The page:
Shares of General Electric Co., which is based in Fairfield, Conn., rose 81 cents or 3.6 percent, to $23.39. The day's high of $23.48 was the highest level for the stock since 2008.
For GE, the deal accelerates a transition to a more purely industrial company, which investors have been wanting to see for a long time.
But the company does not need the cash. Long before this deal was announced, investors were wondering what GE was going to do with cash coming in from the company's operations. Now there's an extra $17 billion.
GE will buy back stock and issue dividends, but GE has a long history of acquiring companies at a voracious rate. "What do they want to buy?" asks Holland, the analyst. "That's the key question now."
On the Comcast side, CEO Brian Roberts told The Associated Press after the deal was announced Tuesday that the company decided it made sense to buy GE's stake now because the improved performance of the NBC broadcast network and cable-TV programming made it more likely the price would rise in the future.
Thomas Seitz, analyst at Jefferies & Co., said Comcast was getting an "attractive" value for NBCUniversal, saying the price was just a small premium to the valuation and earnings of other big media companies such as Disney and Time Warner Inc.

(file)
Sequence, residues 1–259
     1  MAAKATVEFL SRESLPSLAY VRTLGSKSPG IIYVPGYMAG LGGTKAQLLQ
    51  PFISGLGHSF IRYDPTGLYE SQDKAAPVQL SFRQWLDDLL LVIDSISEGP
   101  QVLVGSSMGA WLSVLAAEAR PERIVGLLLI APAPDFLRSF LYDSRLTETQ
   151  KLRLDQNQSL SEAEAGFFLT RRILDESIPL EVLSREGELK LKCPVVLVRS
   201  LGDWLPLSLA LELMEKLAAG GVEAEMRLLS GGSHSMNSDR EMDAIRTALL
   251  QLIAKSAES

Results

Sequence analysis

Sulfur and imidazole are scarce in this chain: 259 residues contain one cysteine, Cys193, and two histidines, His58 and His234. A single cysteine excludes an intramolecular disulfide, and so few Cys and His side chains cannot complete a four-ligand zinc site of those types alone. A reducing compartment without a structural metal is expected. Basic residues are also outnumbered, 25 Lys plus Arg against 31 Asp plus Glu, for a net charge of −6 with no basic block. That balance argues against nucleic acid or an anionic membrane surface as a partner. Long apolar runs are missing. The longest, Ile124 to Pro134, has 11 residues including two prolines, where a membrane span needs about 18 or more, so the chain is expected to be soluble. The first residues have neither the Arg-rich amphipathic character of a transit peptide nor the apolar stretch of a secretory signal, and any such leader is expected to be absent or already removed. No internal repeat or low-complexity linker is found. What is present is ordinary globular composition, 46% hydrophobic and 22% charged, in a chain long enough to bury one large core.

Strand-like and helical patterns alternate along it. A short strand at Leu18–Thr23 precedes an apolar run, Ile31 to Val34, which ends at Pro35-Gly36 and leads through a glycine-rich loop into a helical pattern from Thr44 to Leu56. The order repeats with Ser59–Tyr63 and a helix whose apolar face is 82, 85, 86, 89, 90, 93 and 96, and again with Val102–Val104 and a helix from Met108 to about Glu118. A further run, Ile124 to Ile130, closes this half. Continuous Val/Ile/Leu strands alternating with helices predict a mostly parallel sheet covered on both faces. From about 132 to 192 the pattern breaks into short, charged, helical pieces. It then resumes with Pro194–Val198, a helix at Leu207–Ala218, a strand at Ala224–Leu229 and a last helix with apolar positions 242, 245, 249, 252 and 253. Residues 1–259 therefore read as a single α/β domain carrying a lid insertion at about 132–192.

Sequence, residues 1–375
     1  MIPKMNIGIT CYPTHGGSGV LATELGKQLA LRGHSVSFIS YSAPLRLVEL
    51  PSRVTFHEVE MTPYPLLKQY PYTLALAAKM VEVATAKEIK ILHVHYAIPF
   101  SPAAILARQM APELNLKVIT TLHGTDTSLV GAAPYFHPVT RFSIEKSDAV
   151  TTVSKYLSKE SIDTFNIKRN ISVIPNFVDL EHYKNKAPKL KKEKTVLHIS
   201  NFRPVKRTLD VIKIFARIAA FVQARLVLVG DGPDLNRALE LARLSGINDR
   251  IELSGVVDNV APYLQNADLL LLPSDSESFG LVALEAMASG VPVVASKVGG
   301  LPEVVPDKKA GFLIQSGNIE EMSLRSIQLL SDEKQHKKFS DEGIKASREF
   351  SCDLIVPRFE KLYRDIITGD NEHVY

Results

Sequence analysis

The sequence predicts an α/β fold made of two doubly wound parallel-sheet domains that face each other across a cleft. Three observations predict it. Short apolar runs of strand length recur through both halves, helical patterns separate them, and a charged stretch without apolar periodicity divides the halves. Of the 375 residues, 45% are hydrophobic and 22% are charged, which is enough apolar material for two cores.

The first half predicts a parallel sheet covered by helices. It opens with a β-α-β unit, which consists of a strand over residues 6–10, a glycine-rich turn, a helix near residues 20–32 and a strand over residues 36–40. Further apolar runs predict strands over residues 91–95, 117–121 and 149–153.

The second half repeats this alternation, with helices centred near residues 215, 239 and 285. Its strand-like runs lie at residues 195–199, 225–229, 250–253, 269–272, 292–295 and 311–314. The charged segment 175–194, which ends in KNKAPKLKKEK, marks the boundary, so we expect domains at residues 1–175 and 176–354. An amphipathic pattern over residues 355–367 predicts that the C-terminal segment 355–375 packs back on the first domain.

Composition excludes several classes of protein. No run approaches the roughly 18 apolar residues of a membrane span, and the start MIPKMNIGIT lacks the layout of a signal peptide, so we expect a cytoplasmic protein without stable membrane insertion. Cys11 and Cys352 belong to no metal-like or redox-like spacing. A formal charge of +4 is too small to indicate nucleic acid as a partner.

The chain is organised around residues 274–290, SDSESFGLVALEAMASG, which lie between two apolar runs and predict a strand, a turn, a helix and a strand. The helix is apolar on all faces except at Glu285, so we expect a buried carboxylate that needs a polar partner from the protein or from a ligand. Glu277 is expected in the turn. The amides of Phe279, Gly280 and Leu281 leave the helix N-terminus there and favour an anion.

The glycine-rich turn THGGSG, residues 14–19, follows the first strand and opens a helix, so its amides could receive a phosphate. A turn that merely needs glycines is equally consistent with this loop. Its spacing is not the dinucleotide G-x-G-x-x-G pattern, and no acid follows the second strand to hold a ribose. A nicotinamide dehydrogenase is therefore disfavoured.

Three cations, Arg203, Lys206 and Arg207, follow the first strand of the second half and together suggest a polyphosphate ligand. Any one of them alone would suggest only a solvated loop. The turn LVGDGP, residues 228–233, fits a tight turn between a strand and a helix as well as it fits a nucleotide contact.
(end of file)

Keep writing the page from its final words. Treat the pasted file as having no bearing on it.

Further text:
Complete ownership will let Comcast benefit more from the rising price of sports rights and other TV programs. It avoids solely being in the uncomfortable position of passing those costs onto customers. And long-term rights deals between the TV networks and their cable and satellite distributors have ensured the importance of TV, even as Web video is on the rise.
Besides buying the rest of NBCUniversal, Comcast agreed to pay GE another $1.4 billion for other assets that include one of New York's best-known landmarks, NBC's headquarters at 30 Rockefeller Plaza.
AP Business Writer Jon Fahey contributed to this report.